Shank, John D.; Bell, Steven; 0000-0003-3916-4013 (2011-12-05)
      Blended librarianship is intentionally not library centric (i.e., focused on the building and its physical collections) but, rather, it is librarian centric (i.e., focused on people's skill, knowledge they have to offer, and relationships they build).\n0 tools and emerging communication technologies can be directly present in both environments to provide course related instruction, deliver library resources and tutorials, as well as answer reference questions. [...] by integrating fundamental instructional design skills and knowledge, blended librarians become partners with faculty and other academic professionals in designing courses and incorporating information literacy and research skills into academic programs to achieve student learning outcomes.
    • Book Review: Libraries & Gardens: Growing Together

      Laynor, Gregory; 0000-0002-4578-4051 (2019-09-01)
      In Libraries & Gardens: Growing Together, Carrie Scott Banks and Cindy Mediavilla bring librarianship into conversation with gardening. While the histories of gardens and libraries are intertwined, there has not been much written about library gardens. Banks and Mediavilla’s book encourages us to look at how library gardens “extend and enhance the library’s role as an information center and community space” (x). Writing from public library backgrounds, Banks and Mediavilla focus on how library gardens can contribute to the inclusiveness and accessibility of libraries. The book gives a tour of various kinds of library gardens, including many academic and research library gardens. In discussing library gardens, Libraries & Gardens: Growing Together contributes to a broader conversation about libraries as multisensory, experiential places.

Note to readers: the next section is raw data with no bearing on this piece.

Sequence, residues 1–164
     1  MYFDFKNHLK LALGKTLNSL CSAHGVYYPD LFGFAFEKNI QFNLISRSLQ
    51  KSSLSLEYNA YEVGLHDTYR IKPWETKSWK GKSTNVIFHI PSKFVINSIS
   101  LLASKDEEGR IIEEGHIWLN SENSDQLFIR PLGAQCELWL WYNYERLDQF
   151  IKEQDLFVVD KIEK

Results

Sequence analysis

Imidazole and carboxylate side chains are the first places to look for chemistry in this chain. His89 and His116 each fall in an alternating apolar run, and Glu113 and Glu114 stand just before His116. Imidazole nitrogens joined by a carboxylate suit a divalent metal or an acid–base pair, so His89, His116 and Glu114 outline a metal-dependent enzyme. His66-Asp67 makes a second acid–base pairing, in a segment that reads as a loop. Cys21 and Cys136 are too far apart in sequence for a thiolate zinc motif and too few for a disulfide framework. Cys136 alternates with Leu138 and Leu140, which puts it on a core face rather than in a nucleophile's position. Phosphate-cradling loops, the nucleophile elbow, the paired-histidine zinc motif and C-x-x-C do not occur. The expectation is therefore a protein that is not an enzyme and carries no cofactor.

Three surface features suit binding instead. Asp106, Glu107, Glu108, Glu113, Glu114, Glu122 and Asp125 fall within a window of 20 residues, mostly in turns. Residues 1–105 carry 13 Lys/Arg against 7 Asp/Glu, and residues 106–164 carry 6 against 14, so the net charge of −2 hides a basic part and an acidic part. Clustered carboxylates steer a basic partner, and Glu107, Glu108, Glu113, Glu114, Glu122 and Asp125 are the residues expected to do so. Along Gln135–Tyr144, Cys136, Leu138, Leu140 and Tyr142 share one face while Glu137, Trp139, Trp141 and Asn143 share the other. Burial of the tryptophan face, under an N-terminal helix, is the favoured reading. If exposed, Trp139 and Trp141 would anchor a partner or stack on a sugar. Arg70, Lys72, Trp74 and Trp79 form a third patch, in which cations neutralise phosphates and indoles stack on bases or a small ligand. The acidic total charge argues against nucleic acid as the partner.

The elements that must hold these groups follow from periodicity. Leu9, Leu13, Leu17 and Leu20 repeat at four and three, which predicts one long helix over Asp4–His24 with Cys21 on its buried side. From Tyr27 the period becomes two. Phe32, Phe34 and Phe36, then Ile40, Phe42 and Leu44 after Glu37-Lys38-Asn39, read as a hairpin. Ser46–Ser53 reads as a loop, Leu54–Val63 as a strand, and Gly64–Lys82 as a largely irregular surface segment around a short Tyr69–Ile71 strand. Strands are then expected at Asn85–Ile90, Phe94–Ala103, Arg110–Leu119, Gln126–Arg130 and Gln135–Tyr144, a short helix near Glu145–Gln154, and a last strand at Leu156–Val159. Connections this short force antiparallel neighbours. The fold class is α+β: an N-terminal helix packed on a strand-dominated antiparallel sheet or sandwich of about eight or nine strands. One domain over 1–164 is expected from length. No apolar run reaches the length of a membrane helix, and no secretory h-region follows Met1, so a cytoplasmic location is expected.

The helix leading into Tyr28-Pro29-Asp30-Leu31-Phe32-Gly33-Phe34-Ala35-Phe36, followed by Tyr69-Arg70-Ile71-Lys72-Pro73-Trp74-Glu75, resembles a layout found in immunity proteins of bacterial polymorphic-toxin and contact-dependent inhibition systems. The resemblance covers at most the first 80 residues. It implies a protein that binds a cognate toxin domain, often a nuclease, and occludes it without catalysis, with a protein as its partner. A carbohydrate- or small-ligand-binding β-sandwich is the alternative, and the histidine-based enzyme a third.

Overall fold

• Building Better Academic Libraries with Web 2.0 Tools

      Bell, Steven; 0000-0003-3916-4013 (2007-11)
    • Collections Are For Collisions: Designing It Into the Experience

      Bell, Steven; 0000-0003-3916-4013 (2014-09)
      Who among us has never known, however trivial, a serendipitous discovery. More essentially, nearly every librarian has heard at some point in his or her career someone's story about a serendipitous encounter with a book. As a profession we are likely in agreement that serendipitous discovery in the library stacks is a good thing. Think of it as collision with our collections. As our collections become more digital and less tangible, as we move them off the stacks and into onsite or remote storage, and as students spend more time touching keyboards and less time connecting with texts, how likely is it that future patrons will have such experiences. What's odd about the impending decline of this type of engagement is that in other industrial sectors, the very act of serendipity is being engineered into the workflow. Librarians, on the other hand, appear to be excising serendipity out of the library experience. If we believe there is value in the act of serendipity, then it is our responsibility to design the library experience to save it. Adapted from the source document.
    • Coming in the Back Door: Leveraging Open Textbooks to Promote Scholarly Communications on Campus

      Bell, Steven; 0000-0003-3916-4013 (2012-05-15)